May BEMC Talk- Student summary

Dear BEMCers,

We are pleased to be able to share a summary prepared by a student. A warm thank you to the anonymous student for letting us share this recap.

On May 8th, Christoph Lippert, a Professor in the area of digital health and machine learning at the Hasso Plattner Institute and at the University Potsdam held a lecture on “Machine Learning for Population-Based Health Studies”. The starting point of this lecture was to show a graphical representation of a typical patient flow through a health care system. This includes a patient’s contact with the health care system due to some symptom. Later on, some tests will be carried out by a physician and, after a lengthy period, the patient will receive an invasive treatment. It can also be the case that it will eventually be too late for any treatment. The current procedure was compared with what it is expected to be a patient flow in the future, where an individual undergoes continuous monitoring for diseases (e.g. through genetic risk assessment). Thus, it is expected that an individual will constantly receive early warnings, which lead him/her to involve a doctor at an early stage. Christoph highlighted how machine learning has the potential to help moving from the current patient flow to a better one, where people know early on their risks for developing certain conditions and can act accordingly. He highlighted how genetic differences across individuals can shed light on an individual’s risk factors for diseases, thus allowing for better and more individualised treatment options. Christoph proceeded by explaining basic concepts about genome-wide association studies and their goal of finding causal variants and/or markers that explain variance. He provided several examples, such as how phenotypes and population structures are correlated. The discussion was heated and insightful. Several attendees pointed out the need to consider the ethical implications of using genetics to predict health conditions. It was also mentioned how genome testing is cheap but, on a population level, this data does not provide meaningful information (i.e.. on a public health perspective). Furthermore, a question left hanging in the air concerned the degree of impact of lifestyle factors versus genes on an individual’s health status.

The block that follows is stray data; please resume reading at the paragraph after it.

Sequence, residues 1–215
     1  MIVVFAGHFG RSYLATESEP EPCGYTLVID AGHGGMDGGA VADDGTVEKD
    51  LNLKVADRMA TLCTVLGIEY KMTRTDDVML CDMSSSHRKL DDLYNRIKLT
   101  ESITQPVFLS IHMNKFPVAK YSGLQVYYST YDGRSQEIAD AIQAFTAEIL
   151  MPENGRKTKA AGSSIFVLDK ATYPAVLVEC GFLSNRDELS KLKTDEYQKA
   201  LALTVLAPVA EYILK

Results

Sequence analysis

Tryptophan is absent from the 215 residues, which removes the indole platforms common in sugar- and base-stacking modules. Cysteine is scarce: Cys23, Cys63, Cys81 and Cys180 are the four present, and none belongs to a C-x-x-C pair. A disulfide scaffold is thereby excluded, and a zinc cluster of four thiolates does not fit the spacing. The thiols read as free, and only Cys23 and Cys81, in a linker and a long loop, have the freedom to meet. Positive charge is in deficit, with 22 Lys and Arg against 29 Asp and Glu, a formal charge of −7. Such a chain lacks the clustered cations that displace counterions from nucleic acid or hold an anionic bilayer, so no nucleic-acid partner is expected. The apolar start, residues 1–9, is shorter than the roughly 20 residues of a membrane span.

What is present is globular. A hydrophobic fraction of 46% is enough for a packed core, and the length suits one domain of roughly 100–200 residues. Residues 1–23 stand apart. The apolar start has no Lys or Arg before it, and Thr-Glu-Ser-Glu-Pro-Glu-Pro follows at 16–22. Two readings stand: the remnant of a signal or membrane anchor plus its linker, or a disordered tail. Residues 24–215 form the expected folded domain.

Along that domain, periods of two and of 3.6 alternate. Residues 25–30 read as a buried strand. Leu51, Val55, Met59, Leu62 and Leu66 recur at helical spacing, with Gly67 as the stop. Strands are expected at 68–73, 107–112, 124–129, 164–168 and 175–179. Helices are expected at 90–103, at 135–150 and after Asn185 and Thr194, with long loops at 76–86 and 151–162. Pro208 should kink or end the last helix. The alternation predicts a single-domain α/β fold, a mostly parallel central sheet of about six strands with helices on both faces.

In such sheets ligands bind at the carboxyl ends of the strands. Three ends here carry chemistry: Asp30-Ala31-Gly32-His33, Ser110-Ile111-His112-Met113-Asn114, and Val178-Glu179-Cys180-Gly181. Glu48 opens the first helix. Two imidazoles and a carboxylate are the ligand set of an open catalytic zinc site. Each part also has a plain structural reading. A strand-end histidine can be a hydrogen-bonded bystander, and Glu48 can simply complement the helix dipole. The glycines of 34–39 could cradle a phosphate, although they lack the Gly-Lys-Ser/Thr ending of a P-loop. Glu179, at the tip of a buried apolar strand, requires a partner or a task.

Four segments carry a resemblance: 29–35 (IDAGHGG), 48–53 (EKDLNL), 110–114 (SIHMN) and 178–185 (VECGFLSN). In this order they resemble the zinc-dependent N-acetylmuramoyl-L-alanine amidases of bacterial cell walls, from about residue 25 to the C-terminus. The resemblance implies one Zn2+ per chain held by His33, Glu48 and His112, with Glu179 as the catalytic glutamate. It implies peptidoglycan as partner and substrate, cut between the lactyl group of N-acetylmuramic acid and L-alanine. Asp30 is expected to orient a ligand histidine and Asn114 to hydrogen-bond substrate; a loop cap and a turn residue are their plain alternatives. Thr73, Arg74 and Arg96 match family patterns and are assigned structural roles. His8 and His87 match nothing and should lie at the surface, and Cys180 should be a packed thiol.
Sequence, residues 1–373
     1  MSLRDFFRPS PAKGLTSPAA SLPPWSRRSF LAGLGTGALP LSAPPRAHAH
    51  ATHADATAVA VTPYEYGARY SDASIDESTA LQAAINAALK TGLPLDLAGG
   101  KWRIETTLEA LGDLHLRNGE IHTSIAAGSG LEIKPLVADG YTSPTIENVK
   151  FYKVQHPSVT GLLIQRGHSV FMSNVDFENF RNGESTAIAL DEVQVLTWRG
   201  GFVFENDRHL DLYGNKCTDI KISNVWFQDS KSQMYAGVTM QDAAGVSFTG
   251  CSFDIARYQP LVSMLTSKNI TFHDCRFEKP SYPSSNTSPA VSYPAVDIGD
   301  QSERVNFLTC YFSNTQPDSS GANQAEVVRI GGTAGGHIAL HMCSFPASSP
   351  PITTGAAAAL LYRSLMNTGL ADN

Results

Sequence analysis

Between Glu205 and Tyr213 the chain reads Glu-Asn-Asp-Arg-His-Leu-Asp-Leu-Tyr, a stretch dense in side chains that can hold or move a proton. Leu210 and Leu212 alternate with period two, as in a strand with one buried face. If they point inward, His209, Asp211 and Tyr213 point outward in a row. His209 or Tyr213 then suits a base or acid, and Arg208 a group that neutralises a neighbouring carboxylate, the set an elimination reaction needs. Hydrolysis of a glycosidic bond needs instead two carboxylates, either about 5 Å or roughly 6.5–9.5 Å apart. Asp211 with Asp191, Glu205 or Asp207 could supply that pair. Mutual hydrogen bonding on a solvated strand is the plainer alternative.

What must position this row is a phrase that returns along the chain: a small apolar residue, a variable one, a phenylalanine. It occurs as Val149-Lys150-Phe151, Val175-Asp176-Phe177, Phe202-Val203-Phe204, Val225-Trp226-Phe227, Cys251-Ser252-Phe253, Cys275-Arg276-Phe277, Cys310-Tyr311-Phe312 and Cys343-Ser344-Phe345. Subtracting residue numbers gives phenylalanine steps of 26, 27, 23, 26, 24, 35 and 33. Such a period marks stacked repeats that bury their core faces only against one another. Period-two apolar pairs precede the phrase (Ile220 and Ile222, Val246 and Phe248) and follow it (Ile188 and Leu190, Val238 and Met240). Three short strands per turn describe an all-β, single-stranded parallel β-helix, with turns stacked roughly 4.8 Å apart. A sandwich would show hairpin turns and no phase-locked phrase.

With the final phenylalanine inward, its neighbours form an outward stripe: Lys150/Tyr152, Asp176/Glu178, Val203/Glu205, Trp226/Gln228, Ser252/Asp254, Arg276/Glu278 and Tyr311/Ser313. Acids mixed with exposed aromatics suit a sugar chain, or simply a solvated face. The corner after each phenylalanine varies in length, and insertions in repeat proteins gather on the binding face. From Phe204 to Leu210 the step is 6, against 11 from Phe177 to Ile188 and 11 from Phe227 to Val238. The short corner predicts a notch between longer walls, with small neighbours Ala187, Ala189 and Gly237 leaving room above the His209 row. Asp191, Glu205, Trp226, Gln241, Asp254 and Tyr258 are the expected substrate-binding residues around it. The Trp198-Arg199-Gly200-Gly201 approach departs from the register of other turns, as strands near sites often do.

Announcing May BEMC Talk

Dear Berlin-area Epidemiological Methods Enthusiasts,

You are invited to our next BEMC Talk on Wednesday, May 8th.

BEMC Talk: Wednesday, May 8th, 2019 @ 4pm

“Machine learning for population-based health studies” – Christoph Lippert, Potsdam

  • Please register online: https://docs.google.com/forms/d/e/1FAIpQLSe2EfMPM2lXX1etpLblhLzDcfM0In9wLoTc3wUSWHD3Q5iVGw/viewform?usp=sf_link
    • If the registration link does not work for you please send us an email at bemcolloquium(at)charite.de with your full name and email address and short note that you’d like to be added to the registration list. Thanks!
  • Description: “In my talk, I’ll introduce our research at the interface of machine learning and statistics towards new methods for large-scale epidemiologic studies. We are working on models and algorithms that allow us to analyze high-dimensional genotypes and phenotypes from imaging and sequencing at scale. I’ll be talking about our work on mixed models for confounder correction, quantitative phenotyping using deep learning, as well as our works on novel statistical tests on deep learning embeddings of images.”
  • Location: Seminar room of the Neurology Clinic; Bonhoefferweg 3 entrance, 3rdfloor, Charité – Campus Mitte

Upcoming Berlin Epi Events:

  • May 15th – BEMC JClub – Paper posted online
  • June 5th – BEMC Talk – “Cool applications in R for epidemiologists” – Jochen Kruppa, Berlin
  • June 19th – BEMC JClub – Paper will be posted online
  • July 3rd – BEMC Talk Suzanne Cannigieter, Leiden, Netherlands
  • July 19th – BEMC JClub – Paper will be posted online in late May
  • August 2019 – no BEMC Talk or JClub
  • September 19th – BEMC JClub – Paper will be posted online in late July
  • October 2nd – BEMC JClub – Paper will be posted online in late August
  • Wednesday, October 23rd – IPH Lecture Partner event– John Gill from Vancouver

Interested in other Institute of Public Health events? Visit our calendar to check out upcoming conferences & short courses!

Follow BEMC on Twitter and leave questions for our speakers: @BEMColloquium

Pamela Rist, “One Size Does Not Fit All: Teaching Introductory Epidemiology” — Student summary

Dear BEMCers,

We are pleased to be able to share a summary prepared by three students who are currently earning credit for participating in the BEMC. A warm thank you to the three anonymous students for letting us share a compilation of their summaries!